By Hugh Murphy
Common names: prickly pear, barbary pear, cactus pear, Indian fig and tuna fig.
The prickly pear cactus was and is a staple in the diets of many indigenous peoples of the southwestern United States and Mexico. While it is now grown throughout the dry regions of southern Europe, it is believed that all species of prickly pear cacti originated in North America where it became a valued source of food and medicine for centuries of people (Niethammer, 16).
Prickly pear cacti grow in large, jumbled clumps of fleshy leaves called ‘pads’ or ‘nopales’. These nopales are flat, oblong shaped structures that are generally deep green in color. They are covered with needle-like spines or prickly, hair-like spines depending on the variety. These spines protect the plant from grazing animals and make the harvest of prickly pears somewhat tedious (Niethammer, 21).
Prickly pear fruit emerge from cactus nopales in the hottest, driest months of the year. They are small and oval in shape, with the largest fruits reaching 5” in length (Davidson, 634). Color ranges from yellowish-green to a deep-red or purple. Most fruits ripen to a deep-red color in late summer. These reddish fruits are generally regarded as the best for eating.
Like many nopales, prickly pear fruit (also called figs or tunas) are covered with needle-like spines. American Indians removed these spines by rubbing the fruit in the sand (Davidson, 635). This was made easier in the early mornings when the cacti were covered with dew. Today, spines are commonly removed by scrubbing each fruit with a vegetable brush under running water.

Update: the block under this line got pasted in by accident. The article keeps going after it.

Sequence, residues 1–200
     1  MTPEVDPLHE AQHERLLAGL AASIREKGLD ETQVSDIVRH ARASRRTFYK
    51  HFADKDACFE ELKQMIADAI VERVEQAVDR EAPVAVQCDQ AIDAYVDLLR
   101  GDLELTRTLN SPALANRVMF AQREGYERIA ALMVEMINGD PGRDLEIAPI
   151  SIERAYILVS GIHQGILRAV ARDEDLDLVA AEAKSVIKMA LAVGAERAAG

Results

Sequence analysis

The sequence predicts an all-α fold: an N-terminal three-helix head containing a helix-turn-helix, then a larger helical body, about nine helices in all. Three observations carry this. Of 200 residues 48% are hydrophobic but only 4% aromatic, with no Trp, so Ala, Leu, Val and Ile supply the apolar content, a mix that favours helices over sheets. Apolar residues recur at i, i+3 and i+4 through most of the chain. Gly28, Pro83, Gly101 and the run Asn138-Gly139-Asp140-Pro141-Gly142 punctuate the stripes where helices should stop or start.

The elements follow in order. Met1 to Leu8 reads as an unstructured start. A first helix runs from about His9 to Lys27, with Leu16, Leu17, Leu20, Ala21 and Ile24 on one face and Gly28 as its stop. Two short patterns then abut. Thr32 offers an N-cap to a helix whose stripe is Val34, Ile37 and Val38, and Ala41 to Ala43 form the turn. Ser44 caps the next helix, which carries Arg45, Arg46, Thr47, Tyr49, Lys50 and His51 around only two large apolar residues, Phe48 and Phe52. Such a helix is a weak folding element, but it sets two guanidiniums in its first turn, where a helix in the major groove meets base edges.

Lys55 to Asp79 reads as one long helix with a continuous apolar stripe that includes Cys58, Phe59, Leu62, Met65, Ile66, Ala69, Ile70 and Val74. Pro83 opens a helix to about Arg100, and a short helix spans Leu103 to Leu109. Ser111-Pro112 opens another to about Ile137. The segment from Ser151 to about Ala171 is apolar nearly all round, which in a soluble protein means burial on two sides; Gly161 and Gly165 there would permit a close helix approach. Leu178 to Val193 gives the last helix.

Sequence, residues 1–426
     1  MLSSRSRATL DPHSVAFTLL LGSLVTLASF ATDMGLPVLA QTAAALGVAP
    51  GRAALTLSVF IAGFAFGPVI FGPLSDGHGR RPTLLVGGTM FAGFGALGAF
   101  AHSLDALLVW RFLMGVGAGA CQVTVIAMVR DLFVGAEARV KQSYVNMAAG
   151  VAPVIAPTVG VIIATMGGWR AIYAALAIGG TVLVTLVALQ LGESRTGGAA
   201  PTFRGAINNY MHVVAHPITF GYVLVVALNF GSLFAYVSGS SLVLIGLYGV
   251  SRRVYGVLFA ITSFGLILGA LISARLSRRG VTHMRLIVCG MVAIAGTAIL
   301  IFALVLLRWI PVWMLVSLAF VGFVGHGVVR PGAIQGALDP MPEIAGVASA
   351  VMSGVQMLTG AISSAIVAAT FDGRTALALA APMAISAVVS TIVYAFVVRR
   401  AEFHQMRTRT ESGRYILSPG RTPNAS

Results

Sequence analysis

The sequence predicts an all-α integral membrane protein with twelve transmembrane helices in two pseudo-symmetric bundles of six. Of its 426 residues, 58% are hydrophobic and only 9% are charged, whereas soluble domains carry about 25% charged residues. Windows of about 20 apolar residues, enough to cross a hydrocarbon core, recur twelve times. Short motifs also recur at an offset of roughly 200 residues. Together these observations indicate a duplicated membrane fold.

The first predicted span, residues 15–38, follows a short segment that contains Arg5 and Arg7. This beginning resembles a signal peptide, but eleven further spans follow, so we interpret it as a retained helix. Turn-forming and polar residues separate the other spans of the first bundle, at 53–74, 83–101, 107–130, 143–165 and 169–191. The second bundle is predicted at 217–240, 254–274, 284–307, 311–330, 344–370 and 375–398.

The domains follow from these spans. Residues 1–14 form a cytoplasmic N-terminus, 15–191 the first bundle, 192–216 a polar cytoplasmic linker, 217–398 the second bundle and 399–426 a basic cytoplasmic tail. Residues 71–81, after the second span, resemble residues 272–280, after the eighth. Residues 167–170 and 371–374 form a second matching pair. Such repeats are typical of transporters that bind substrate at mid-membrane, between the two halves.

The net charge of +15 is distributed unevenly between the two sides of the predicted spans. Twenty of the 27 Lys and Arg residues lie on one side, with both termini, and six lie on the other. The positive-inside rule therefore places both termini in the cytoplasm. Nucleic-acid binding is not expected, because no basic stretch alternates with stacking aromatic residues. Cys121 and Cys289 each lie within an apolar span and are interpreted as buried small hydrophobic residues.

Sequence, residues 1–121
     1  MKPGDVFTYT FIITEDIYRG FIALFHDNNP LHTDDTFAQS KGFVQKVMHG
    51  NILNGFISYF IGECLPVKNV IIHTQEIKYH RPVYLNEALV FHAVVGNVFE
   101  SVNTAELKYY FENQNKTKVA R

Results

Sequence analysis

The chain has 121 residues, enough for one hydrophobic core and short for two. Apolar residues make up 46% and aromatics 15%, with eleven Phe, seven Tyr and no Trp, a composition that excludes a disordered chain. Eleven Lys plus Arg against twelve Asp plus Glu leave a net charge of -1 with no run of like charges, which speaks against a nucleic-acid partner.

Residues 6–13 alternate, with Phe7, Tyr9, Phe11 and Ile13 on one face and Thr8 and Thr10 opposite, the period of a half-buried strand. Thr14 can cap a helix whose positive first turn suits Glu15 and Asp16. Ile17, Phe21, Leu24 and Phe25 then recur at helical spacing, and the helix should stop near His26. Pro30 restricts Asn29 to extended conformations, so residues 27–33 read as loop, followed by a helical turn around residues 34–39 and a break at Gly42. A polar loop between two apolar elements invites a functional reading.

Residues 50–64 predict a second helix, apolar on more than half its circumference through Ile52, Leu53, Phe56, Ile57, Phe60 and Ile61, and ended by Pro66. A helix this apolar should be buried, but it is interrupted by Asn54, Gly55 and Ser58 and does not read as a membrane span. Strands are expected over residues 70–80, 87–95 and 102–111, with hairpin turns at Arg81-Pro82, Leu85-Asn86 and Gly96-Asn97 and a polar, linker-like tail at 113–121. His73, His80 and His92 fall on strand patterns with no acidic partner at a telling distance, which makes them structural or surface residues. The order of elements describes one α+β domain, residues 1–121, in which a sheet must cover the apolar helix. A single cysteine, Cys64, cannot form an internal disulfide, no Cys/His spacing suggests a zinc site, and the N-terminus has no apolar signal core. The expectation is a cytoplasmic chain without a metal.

Prickly pear fruit was usually eaten fresh and raw by American Indians. Some tribes made candy and chewing gum from the fruit, or mashed the ‘tunas’ into a sort of applesauce. Mashed fruit was also boiled down into prickly pear syrup, juice or jelly (Davidson, 635). Excess fruit was dried and stored for winter.
The prickly pear fruits are not the only edible part of the cactus—young, green nopales can be sliced, boiled and eaten as a vegetable (Niethammer, 19). Nopale strips must be boiled to remove the gelatinous sap that allows the plant to retain water in through periods of drought.
Prickly pear fruit and nopales were used by American Indians to treat a variety of physical ailments. Nopales in particular were split and applied to open wounds on both humans and animals (Scully, 292). Roasted nopales were held on the side of the neck or below the chin to treat rheumatism and mumps (Scully, 130). Tribes in New Mexico and the Baja region of California applied warm nopales to the body to reduce swelling (Niethammer, 21). Many tribes wrapped split, soaked pads over open wounds to speed recovery, and the Pima tribe used warm pads to increase milk flow in nursing women (Niethammer, 21).
Spines from prickly pear pads were commonly used as needles by many tribes (Scully, 130). The deep reds and purples of the tunas were extracted as juice and used to dye textiles (Frank, 79).
Davidson, Alan. The Oxford Companion to Food. Oxford: Oxford University Press, 1999.
Frank, Lois Ellen. Native American Cooking – Foods of the Soutwest Indians Nations. New York: Clarkson Potter Publishers, 1991.
Niethammer, Carolyn. American Indian Food and Lore. New York: Macmillan Publishing Co., 1974.
Scully, Virginia. A Treasury of American Indian Herbs – Their Lore and Their Use for Food, Drugs, and Medicine. New York: Crown Publishers, Inc. 1970.